Eyes on the road, or else

It's time to put away those cell phones or risk getting a ticket.

April is Distracted Driving Awareness Month, and the Costa Mesa and Newport Beach police departments are keeping an eye out for drivers who focus more on their cell phones than on the road.

Distracted driving, which can cost $159 for the first offense and $279 for each subsequent ticket, killed more than 3,000 people in 2011, according to the National Highway Traffic Safety Administration.

The month-long campaign proclaims "It's Not Worth It!" and aims to keep drivers from talking on a phone or texting while behind a steering wheel.

Drivers younger than 20 are at a greater risk of accidents, the NHTSA says, because texting can delay responses much like the effect of alcohol. Cell phones, whether a hands-free device is used or not, trigger "inattention blindness."

"We all know that talking on our cell phone while driving is distracting, but that doesn't stop some people from continuing to do it," Newport Beach Police Chief Jay Johnson said in a news release. "This effort is intended to educate our community about the dangers of cell phone use while driving. We hope that once people see the statistics and realize the danger involved, they will change their driving habits to help protect themselves, their families and others on the road. "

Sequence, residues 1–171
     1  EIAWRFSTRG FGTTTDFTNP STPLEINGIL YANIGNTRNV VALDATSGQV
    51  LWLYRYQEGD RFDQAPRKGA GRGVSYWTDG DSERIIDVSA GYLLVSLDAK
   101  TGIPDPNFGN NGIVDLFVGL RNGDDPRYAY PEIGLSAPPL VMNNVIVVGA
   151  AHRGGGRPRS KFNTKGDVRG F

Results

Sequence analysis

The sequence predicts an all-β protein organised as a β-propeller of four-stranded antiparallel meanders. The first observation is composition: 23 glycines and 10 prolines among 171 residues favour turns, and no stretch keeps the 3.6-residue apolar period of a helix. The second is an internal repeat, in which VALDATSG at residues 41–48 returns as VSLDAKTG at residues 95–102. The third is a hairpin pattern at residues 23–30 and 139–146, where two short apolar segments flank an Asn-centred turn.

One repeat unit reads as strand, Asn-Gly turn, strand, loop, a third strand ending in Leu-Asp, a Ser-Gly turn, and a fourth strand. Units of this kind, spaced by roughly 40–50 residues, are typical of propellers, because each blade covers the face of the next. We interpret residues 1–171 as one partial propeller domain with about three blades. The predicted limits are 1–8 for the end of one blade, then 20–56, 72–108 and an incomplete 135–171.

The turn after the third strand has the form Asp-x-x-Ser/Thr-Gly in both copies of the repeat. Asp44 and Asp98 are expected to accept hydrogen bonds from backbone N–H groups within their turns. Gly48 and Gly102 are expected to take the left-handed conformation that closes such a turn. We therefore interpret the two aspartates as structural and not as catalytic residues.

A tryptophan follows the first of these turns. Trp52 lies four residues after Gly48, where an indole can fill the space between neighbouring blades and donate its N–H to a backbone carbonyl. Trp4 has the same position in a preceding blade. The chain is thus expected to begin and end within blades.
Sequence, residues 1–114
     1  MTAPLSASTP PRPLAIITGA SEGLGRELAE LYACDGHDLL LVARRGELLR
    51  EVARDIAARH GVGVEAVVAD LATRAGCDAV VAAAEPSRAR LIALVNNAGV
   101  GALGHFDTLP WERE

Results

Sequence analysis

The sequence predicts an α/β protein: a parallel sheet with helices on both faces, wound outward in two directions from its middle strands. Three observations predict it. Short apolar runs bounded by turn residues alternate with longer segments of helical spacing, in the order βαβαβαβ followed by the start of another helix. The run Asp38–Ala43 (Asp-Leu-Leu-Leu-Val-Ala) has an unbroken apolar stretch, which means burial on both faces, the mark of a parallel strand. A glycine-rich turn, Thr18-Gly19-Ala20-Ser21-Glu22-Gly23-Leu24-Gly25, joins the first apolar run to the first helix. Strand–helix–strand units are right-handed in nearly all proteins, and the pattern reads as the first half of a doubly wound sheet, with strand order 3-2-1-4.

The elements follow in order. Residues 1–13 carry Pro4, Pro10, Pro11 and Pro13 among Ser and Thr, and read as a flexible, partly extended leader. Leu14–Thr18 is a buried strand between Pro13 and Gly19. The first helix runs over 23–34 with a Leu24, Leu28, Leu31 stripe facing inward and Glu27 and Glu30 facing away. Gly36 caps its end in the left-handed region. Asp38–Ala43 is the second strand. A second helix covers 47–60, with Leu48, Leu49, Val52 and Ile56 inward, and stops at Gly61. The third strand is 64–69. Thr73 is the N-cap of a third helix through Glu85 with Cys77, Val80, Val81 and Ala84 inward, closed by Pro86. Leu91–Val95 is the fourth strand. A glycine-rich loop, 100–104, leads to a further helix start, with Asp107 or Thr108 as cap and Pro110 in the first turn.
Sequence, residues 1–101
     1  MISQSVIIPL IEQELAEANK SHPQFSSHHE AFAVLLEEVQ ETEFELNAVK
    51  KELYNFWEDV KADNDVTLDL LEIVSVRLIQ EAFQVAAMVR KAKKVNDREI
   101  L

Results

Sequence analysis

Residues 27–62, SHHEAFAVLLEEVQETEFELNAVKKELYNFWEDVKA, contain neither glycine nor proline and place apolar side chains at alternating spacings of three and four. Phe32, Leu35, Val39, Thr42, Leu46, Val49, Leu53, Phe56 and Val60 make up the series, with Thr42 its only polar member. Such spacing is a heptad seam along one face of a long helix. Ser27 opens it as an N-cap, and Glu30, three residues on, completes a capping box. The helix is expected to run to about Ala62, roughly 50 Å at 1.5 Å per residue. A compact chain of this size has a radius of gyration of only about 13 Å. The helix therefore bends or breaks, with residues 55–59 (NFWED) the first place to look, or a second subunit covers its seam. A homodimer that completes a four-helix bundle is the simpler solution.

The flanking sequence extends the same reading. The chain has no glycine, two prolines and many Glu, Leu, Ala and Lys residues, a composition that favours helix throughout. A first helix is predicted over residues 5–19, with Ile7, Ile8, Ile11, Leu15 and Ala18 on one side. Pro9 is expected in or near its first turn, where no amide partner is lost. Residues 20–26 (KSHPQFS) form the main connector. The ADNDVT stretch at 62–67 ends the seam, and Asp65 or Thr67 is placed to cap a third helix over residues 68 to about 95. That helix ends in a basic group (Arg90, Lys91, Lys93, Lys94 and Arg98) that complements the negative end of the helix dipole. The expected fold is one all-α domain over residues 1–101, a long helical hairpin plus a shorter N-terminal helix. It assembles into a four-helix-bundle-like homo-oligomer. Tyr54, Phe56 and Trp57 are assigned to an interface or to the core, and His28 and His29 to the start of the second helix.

Last year, officers handed out 57,000 tickets across California as part of the same program, officials said.

Costa Mesa's Zero Tolerance Distracted Driving Enforcement Operation includes a driving-under-the-influence and driver's license checkpoint at an undisclosed location from 8 p.m. Friday to 3 a.m. Saturday.

Impaired driving can lead to a jail sentence, license suspension and insurance increase. With the cost of fines, fees and classes, the total can exceed $10,000 for an offense.

In the last three years, 547 drunken-driving crashes have injured or killed 247 people in Costa Mesa, according to a Costa Mesa police news release. Police made more than 2,700 DUI arrests in the same period.

A California Office of Traffic Safety grant is financing the checkpoint.

Police offer the following tips to drivers:

•Turn off your phone or put it out of reach while driving.

•Include in your outgoing message that you can't answer while you are driving.

•Don't call or text anyone when you think they may be driving.


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